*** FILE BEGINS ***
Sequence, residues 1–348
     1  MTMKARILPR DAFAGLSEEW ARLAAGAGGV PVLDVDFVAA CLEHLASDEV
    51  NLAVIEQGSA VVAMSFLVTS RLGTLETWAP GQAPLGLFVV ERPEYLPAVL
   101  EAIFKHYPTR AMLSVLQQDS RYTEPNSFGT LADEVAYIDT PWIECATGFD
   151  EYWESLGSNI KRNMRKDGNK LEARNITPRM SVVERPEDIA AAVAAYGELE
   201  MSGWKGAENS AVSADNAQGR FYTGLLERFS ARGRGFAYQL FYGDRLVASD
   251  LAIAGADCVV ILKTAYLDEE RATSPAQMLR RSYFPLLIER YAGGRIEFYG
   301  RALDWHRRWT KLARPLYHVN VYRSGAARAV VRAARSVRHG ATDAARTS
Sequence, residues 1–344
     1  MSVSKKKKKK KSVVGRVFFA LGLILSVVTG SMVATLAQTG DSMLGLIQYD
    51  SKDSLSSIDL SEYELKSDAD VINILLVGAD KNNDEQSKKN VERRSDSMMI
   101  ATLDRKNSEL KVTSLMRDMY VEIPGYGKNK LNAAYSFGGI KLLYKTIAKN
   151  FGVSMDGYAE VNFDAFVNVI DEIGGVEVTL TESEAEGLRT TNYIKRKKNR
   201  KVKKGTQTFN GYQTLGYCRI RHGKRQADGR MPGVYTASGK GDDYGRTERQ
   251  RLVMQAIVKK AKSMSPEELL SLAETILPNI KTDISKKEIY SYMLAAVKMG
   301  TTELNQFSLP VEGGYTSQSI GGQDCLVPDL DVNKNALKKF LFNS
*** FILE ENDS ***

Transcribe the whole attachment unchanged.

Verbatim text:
Sequence, residues 1–348
     1  MTMKARILPR DAFAGLSEEW ARLAAGAGGV PVLDVDFVAA CLEHLASDEV
    51  NLAVIEQGSA VVAMSFLVTS RLGTLETWAP GQAPLGLFVV ERPEYLPAVL
   101  EAIFKHYPTR AMLSVLQQDS RYTEPNSFGT LADEVAYIDT PWIECATGFD
   151  EYWESLGSNI KRNMRKDGNK LEARNITPRM SVVERPEDIA AAVAAYGELE
   201  MSGWKGAENS AVSADNAQGR FYTGLLERFS ARGRGFAYQL FYGDRLVASD
   251  LAIAGADCVV ILKTAYLDEE RATSPAQMLR RSYFPLLIER YAGGRIEFYG
   301  RALDWHRRWT KLARPLYHVN VYRSGAARAV VRAARSVRHG ATDAARTS
Sequence, residues 1–344
     1  MSVSKKKKKK KSVVGRVFFA LGLILSVVTG SMVATLAQTG DSMLGLIQYD
    51  SKDSLSSIDL SEYELKSDAD VINILLVGAD KNNDEQSKKN VERRSDSMMI
   101  ATLDRKNSEL KVTSLMRDMY VEIPGYGKNK LNAAYSFGGI KLLYKTIAKN
   151  FGVSMDGYAE VNFDAFVNVI DEIGGVEVTL TESEAEGLRT TNYIKRKKNR
   201  KVKKGTQTFN GYQTLGYCRI RHGKRQADGR MPGVYTASGK GDDYGRTERQ
   251  RLVMQAIVKK AKSMSPEELL SLAETILPNI KTDISKKEIY SYMLAAVKMG
   301  TTELNQFSLP VEGGYTSQSI GGQDCLVPDL DVNKNALKKF LFNS